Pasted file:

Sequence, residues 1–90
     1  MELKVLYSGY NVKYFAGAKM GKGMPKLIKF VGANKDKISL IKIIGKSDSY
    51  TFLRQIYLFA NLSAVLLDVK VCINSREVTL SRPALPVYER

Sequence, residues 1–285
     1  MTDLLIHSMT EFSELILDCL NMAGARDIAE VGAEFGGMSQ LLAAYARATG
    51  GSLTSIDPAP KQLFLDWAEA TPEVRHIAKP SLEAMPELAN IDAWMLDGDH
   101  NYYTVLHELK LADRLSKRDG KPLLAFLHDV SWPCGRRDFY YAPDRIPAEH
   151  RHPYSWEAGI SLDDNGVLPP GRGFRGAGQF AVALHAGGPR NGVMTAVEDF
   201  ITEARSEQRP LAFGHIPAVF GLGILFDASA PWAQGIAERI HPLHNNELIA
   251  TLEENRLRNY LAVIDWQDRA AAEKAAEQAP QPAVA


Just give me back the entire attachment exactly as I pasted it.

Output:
Sequence, residues 1–90
     1  MELKVLYSGY NVKYFAGAKM GKGMPKLIKF VGANKDKISL IKIIGKSDSY
    51  TFLRQIYLFA NLSAVLLDVK VCINSREVTL SRPALPVYER

Sequence, residues 1–285
     1  MTDLLIHSMT EFSELILDCL NMAGARDIAE VGAEFGGMSQ LLAAYARATG
    51  GSLTSIDPAP KQLFLDWAEA TPEVRHIAKP SLEAMPELAN IDAWMLDGDH
   101  NYYTVLHELK LADRLSKRDG KPLLAFLHDV SWPCGRRDFY YAPDRIPAEH
   151  RHPYSWEAGI SLDDNGVLPP GRGFRGAGQF AVALHAGGPR NGVMTAVEDF
   201  ITEARSEQRP LAFGHIPAVF GLGILFDASA PWAQGIAERI HPLHNNELIA
   251  TLEENRLRNY LAVIDWQDRA AAEKAAEQAP QPAVA